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Within 1 day
Turnaround time is defined as the usual number of days from the date of pickup of a specimen for testing to when the result is released to the ordering provider. In some cases, additional time should be allowed for additional confirmatory or additional reflex tests. Testing schedules may vary.
Serum (preferred) or plasma
0.5 mL (Note: This volume does not allow for repeat testing.)
Red-top tube, gel-barrier tube, green-top (heparin) tube, or lavender-top (EDTA) tube
Separate serum or plasma from cells within 45 minutes of collection.
Maintain specimen at room temperature.
Patient should be fasting.
Hemolysis; gross lipemia; improper labeling; unspun or improperly spun specimen
Hemolysis; gross lipemia; improper labeling
Hemolysis; gross lipemia; improper labeling
Causes of high phosphorus: Youth; exercise; dehydration and hypovolemia; high phosphorus content enema; acromegaly; hypoparathyroidism; pseudohypoparathyroidism; bone metastases; hypervitaminosis D; sarcoidosis; milk-alkali syndrome; liver disease, such as portal cirrhosis; catastrophic events such as cardiac resuscitation, pulmonary embolism, renal failure; diabetes mellitus with ketosis; serum artifact−sample not refrigerated; overheated, hemolyzed sample, or serum allowed to remain too long on the clot.
Although phosphate accumulation occurs as renal disease progresses, hyperphosphatemia is not a feature of early renal failure;1 it does not usually develop before renal function has diminished to about 25% of normal.2 Osteitis fibrosa in uremic subjects, from excessive bone turnover, relates to hyperphosphatasia. The role of hyperphosphatemia in promotion of such secondary hyperparathyroidism is well established.3 A relationship to osteomalacia in hemodialysis patients exists.3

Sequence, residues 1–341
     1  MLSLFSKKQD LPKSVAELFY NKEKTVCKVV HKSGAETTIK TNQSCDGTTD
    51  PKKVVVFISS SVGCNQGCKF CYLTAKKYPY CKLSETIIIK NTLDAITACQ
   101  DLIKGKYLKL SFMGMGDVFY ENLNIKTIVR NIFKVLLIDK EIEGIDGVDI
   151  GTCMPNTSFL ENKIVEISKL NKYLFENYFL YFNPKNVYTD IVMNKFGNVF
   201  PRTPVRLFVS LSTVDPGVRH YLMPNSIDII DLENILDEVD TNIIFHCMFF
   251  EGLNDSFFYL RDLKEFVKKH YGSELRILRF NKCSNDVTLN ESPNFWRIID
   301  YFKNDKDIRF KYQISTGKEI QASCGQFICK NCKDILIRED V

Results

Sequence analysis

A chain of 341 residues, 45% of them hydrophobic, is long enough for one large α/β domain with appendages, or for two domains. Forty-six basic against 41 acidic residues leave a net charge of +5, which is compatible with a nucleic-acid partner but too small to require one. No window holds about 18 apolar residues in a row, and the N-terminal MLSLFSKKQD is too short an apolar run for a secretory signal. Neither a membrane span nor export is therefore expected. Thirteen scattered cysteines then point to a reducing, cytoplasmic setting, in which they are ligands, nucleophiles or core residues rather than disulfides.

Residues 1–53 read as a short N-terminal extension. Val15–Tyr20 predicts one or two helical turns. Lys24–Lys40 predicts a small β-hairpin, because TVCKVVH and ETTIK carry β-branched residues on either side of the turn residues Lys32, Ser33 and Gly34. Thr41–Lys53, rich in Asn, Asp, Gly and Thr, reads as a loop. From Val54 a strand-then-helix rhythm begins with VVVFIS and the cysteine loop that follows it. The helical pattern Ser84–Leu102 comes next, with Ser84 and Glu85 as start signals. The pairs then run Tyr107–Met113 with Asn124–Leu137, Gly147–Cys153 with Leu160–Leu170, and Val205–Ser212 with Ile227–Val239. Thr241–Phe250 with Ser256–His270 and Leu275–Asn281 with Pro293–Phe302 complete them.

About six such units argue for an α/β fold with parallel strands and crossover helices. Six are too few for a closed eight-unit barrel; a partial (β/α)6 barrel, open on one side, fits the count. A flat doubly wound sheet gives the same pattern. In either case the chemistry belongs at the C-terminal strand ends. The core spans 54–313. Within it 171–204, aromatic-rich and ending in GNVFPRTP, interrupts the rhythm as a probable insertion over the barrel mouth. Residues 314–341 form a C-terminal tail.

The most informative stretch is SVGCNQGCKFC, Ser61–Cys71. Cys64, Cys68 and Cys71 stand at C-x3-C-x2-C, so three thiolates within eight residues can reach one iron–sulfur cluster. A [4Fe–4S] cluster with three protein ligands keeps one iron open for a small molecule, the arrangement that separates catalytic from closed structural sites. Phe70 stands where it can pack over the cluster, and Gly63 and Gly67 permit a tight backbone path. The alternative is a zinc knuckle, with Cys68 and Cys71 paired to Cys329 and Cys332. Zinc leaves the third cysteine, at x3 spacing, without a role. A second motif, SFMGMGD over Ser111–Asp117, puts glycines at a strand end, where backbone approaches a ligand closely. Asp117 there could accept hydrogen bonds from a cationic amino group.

Causes of low phosphorus: (Hypophosphatemia may occur with or without phosphate depletion. Serum levels vary as much as 2.0 mg/dL during the day.)
Very severely malnourished subjects may have low phosphate levels, but even in starvation, phosphorus levels usually are normal. Antacids, diuretics, and long term steroids are among the common agents bearing a relationship to severe hypophosphatemia.4 Recent carbohydrate ingestion decreases phosphorus, as does intravenous glucose administration; cases of hypophosphatemia relate to I.V. carbohydrate,4 dialysis, hyperalimentation, prolonged intravenous administration of phosphate-free fluids, metabolic states involving glucose, potassium, and pH. Depletion of phosphate occurs in diabetic ketoacidosis. Like potassium, phosphorus returns to the cell with therapy of diabetic ketoacidosis and serum levels may diminish significantly during treatment. Osmotic diuresis induced by glycosuria in poorly controlled diabetes may lead to urinary phosphate losses with negative phosphorus balance. PO4 levels may prove useful in initiation of insulin therapy, in diabetic ketoacidosis and other situations of insulin lack; with hyperglucagonemia, corticosteroid and epinephrine use, and in respiratory alkalosis. Association of hypophosphatemia with impaired glucose metabolism is thought to reflect decreased tissue sensitivity to insulin.5 Alcoholism and other hepatic disorders are found very frequently among patients with low PO4. Alcoholic ketosis and alcohol withdrawal are among causes of hypophosphatemia. There is a slight decrease in serum phosphorus in the last trimester of pregnancy.